If you’ve spent any amount of time deer hunting then you probably suspect there are some deer living in your area that you never see. These deer, which tend to be bucks, are nocturnal creatures. All deer exhibit more nocturnal movements at certain times of the year, particularly during the summer when daytime temperatures restrict movement to the after hours, but some deer are just plain wired to be night owls. Hunting well-seasoned mature bucks is tough as well because these deer have learned to identify pressure. Here is what Bill Winke of Petersen’s Bowhunting Magazine had to say about the subject of bucks that are active at night:
“Just because you are only getting night time photos does not mean you can’t kill the buck. You can’t make that conclusion. But if you are getting daylight photos the odds of an encounter while deer hunting are much, much higher, in my experience. I am comfortable drawing that conclusion. So the question is: do you want to hunt nocturnal bucks that you might be able to kill but the odds are against you or do you want to hunt bucks you are likely to encounter?
I know very well, again from experience, which ones are more fun to hunt. We have really seen this over and over during the past few years. The ones we get the daylight photos of are the ones we end up encountering often from the stand. So now I want to see daylight photos (or at least photos near daylight) before I hunt a buck. As you say, the key is to have enough camera coverage to feel comfortable that you are in or close to the buck’s core area.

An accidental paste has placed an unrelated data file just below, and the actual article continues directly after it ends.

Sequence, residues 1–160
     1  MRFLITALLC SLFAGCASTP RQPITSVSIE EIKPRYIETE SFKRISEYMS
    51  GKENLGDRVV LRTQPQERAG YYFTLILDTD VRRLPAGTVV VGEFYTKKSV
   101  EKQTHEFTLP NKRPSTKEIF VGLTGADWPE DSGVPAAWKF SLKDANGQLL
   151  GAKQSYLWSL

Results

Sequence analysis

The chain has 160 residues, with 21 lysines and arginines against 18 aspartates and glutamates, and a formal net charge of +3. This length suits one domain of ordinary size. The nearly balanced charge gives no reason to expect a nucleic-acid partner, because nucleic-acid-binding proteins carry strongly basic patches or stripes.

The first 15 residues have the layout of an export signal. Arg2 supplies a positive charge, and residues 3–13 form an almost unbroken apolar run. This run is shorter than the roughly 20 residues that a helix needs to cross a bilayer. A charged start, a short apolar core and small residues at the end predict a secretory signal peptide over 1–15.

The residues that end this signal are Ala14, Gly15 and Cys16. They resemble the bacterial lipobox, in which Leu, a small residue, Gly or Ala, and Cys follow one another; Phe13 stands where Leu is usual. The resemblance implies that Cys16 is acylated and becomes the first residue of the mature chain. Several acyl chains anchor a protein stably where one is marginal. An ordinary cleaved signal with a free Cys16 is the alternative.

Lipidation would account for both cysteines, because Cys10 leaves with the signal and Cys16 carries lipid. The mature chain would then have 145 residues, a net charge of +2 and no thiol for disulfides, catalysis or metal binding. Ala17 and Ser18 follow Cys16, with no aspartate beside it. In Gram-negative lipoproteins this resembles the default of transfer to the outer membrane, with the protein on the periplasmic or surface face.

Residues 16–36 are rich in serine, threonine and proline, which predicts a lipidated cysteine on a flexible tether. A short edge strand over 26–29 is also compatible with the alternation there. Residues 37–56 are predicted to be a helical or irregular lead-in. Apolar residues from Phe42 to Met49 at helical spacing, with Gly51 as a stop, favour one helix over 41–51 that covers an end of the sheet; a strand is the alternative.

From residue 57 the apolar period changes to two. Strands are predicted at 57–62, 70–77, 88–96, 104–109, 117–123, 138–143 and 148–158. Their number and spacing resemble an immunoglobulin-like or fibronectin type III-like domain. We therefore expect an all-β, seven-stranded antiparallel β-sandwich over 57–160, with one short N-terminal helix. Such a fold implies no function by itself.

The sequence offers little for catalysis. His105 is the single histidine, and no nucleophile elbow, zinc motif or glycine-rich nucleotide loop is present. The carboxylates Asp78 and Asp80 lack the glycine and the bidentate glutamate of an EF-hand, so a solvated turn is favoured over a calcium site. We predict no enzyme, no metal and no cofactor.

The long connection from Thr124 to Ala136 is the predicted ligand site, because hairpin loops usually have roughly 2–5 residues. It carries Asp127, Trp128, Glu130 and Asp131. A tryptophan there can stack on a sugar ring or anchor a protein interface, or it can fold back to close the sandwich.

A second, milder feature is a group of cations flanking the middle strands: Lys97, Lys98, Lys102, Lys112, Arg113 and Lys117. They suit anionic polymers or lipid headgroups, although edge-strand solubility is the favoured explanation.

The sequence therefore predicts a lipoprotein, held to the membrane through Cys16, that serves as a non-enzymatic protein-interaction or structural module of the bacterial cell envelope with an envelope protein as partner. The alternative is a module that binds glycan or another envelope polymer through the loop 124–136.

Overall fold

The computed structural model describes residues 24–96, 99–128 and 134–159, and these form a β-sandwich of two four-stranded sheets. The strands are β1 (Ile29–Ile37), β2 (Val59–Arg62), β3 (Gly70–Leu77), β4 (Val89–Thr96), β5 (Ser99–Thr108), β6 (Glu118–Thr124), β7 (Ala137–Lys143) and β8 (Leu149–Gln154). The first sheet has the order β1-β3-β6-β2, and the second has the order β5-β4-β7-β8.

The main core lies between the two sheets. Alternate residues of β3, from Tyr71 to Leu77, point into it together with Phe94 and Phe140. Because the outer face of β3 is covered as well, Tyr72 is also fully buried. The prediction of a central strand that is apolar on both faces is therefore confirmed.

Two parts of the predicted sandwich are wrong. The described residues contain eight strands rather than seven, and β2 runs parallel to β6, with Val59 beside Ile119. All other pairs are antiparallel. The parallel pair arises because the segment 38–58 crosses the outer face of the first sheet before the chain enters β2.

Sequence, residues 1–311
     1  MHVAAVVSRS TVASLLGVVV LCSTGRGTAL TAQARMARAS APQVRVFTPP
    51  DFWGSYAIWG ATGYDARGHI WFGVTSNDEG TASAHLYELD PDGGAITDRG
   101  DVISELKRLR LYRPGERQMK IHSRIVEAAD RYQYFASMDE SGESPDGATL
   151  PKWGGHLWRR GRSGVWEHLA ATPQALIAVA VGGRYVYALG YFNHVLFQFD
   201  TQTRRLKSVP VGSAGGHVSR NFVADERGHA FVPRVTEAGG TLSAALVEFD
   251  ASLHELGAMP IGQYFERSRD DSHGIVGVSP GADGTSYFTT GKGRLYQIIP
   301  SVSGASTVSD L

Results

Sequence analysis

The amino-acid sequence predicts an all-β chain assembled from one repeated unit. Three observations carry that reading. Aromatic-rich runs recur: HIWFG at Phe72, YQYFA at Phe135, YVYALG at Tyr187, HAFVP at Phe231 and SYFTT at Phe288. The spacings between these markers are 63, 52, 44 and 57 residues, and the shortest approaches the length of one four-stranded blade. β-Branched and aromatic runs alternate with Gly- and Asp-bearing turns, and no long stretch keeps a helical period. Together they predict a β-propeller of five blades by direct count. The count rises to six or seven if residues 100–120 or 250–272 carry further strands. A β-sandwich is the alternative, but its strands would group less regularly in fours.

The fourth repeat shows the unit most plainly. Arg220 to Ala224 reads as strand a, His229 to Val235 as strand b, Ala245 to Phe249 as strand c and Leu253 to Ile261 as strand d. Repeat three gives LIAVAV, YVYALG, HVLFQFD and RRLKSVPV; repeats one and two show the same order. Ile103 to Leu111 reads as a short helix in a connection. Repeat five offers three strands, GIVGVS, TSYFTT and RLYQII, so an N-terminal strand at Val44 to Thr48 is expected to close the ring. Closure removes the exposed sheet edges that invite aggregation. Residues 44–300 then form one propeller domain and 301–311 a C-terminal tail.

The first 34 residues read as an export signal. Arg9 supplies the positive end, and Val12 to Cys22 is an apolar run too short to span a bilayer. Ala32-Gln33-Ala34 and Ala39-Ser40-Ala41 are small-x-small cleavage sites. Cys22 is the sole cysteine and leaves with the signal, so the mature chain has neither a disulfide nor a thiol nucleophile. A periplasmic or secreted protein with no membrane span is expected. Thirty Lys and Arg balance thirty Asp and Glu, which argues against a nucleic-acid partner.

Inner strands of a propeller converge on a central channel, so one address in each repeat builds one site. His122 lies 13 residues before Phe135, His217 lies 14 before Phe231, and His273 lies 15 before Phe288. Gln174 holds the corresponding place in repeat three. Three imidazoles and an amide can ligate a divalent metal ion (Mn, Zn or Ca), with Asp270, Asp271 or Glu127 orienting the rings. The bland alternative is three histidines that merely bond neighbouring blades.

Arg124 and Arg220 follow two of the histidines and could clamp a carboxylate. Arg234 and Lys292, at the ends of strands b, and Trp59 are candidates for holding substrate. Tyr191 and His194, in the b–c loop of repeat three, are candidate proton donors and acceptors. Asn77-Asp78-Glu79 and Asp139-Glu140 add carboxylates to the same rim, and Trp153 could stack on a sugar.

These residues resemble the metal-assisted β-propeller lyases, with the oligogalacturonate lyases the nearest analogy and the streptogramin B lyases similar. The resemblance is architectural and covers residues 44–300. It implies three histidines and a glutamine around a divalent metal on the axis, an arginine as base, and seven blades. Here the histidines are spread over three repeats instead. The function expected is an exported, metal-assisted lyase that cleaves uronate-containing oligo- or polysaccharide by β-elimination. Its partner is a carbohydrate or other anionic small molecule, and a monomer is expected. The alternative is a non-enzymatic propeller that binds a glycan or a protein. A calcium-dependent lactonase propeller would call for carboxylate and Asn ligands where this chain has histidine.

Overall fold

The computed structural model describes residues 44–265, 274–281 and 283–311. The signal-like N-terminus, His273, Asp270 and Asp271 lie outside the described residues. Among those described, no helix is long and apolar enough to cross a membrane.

If you are getting regular photos, you know you are in or close to this area. If you are only getting scattered photos and all at night, it is hard to draw conclusions. In that case, you need to move the camera a bit in the direction the buck is coming from when he approaches the camera in the evening and see if you can get more shots of him at night (or better yet a few in daylight).”
In short, Winke is saying it’s better to focus on what’s available than simply trying to make something happen that is darn near impossible. I guess it’s kind of like going to a bar. You’ve got a solid 8 talking to you, but there is a stone-cold 10 in a little black dress that is dressed to impress and she’s surrounded by a covey of testosterone. Sure, you see the trophy but the odds of you laying it across your tailgate are practically nil. The 8, however, is right in your sights.
Game cameras should be used to monitor the bucks in your area both prior and during the deer hunting season. Pay particular attention to the times when bucks are moving through your area and look for mature bucks that is moving during daylight hours or at least very close it. Once the situation is in your favor, make your move by slipping into the area like a ghost across bare rock. Clean out your truck, setup downwind of the bucks travel corridor and get ready to bring one home. The hunting of nocturnal bucks can still take place, but understand it’s the daytime movers that you are much more likely to see during shooting hours.
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